The use of too many gender stereotypes or a negative portrayal of these stereotypes can also lead to a backlash and potentially harm a company’s reputation. If consumers perceive the presentation of the product as too overwhelming or even offensive, they will dissociate themselves from it. Many products geared towards women have failed because the company has overdone its “girly” advertising, and many products aimed at men have failed to sell because the advertising was too sexist.
Tips for successful gender-based marketing
Gender marketing is an incredibly complex field. As such, those who fail to grasp the different interests and needs of men and women risk missing the mark with their campaigns, thereby remaining unsuccessful. Therefore, as an advertiser, you must precisely analyze your target audience to determine which marketing strategy makes sense for your product. The use of gender marketing is most appropriate when the requirements of male and female consumers are very different from each other. If you are able to respond to these specific needs fully, you can expand your customer base considerably.
The following tips should be followed in any case in order to be successful with gender marketing in the long term:
- No “pink it, shrink it”: if you used to simply make products smaller and give them a coat of pink paint, you won't get far with such transparent tactics anymore. Instead, you should seriously address the needs of different target groups and aim to increase the customer satisfaction of different target groups.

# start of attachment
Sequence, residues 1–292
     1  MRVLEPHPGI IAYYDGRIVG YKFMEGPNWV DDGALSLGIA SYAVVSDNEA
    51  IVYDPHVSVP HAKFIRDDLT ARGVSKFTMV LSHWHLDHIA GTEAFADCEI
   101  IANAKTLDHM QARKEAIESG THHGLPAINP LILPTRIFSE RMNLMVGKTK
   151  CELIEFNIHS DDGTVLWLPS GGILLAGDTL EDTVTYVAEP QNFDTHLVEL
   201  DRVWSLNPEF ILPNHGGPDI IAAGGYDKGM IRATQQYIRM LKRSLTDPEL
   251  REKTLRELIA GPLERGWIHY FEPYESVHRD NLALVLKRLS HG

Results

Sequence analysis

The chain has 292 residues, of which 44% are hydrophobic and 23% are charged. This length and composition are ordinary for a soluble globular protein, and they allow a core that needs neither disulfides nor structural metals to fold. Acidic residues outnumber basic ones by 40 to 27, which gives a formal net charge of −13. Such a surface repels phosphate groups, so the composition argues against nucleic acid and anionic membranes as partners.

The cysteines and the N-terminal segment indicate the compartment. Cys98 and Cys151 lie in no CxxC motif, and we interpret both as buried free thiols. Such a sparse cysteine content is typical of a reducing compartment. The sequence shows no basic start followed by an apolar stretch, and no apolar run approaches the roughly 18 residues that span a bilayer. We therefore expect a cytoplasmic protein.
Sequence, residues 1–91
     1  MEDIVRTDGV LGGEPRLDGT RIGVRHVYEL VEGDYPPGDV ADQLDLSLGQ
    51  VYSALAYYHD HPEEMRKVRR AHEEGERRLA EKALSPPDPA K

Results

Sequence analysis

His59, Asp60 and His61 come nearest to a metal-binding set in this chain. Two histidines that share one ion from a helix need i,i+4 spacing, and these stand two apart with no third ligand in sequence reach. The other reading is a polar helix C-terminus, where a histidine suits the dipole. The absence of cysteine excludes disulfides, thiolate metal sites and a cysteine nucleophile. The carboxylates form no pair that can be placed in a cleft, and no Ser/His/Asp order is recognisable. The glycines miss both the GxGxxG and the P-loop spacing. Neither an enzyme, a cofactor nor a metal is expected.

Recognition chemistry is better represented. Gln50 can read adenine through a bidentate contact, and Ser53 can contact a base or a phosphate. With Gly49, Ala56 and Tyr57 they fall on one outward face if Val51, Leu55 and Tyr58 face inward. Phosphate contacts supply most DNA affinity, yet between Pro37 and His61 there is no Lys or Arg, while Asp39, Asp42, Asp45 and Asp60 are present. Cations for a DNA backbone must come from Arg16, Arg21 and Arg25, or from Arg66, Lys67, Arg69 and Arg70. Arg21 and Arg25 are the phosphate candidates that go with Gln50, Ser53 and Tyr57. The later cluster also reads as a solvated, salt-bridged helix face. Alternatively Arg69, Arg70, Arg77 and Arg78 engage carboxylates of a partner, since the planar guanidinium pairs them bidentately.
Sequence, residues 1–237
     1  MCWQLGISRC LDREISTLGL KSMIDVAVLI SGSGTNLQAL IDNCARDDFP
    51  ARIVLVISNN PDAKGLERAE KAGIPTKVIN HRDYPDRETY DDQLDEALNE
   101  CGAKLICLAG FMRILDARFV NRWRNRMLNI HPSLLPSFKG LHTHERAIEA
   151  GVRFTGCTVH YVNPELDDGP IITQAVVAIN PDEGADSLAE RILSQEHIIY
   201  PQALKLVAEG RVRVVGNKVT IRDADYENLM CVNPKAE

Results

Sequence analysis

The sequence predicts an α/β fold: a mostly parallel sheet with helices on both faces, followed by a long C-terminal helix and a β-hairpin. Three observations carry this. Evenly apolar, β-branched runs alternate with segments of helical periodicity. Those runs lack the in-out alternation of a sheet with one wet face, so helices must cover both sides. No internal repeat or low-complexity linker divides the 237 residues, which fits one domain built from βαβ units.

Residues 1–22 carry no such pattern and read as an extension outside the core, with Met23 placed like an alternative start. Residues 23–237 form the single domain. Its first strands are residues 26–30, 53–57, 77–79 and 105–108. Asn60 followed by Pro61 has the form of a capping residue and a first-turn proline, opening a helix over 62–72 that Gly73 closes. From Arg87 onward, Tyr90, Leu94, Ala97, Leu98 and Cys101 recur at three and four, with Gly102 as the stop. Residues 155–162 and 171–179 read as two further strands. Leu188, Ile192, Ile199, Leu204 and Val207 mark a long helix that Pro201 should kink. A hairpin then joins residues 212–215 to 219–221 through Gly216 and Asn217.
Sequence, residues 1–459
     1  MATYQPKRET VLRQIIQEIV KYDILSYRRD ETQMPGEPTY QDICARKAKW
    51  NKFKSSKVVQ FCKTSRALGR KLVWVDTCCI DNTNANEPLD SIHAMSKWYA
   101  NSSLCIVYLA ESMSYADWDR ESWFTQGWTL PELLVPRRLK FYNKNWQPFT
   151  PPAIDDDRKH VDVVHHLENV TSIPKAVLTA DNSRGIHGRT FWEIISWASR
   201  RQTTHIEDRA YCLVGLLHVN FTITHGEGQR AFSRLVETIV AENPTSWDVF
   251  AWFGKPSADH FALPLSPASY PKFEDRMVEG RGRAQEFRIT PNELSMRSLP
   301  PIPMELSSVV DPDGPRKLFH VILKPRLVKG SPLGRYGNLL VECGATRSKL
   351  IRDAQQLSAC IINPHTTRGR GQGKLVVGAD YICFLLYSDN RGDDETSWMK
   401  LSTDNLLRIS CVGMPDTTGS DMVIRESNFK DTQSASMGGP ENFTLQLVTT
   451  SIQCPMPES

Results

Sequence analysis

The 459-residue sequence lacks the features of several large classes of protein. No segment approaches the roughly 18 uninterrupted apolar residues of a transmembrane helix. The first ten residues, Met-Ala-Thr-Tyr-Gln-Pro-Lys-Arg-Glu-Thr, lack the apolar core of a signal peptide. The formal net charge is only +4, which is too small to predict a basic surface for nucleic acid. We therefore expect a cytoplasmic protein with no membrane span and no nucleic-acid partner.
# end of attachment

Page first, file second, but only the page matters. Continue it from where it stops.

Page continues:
- Breaking down clichés: Anyone who works with outdated role models when it comes to branding these days will earn themselves a PR nightmare. Advertise to modern people who don't value stereotypes.
- Consider individuality: not all men are the same and neither are all women. So in your marketing efforts, never give the impression that you have to have certain characteristics or preferences just because you belong to one gender.
- Keep groups open: Still popular, especially in cosmetics, but otherwise outdated, the designation “for men” or “for women”. Instead, highlight characteristics that are desired by the target group. This way, for example, men can easily reach for products that are actually assigned to the “female” target group.
- Forward-thinking: More and more people don’t want to be assigned to one gender. Don’t scare off these consumers by insisting on gender. An inclusive marketing strategy is likely to be much more successful.
Great success can be achieved with careful gender marketing. Channels are freely playable: classic advertising (TV, radio & print) works just as well as social media marketing or display marketing. To gain empathy as a brand, the important thing is always to take your customers seriously and not attempt to pigeonhole them.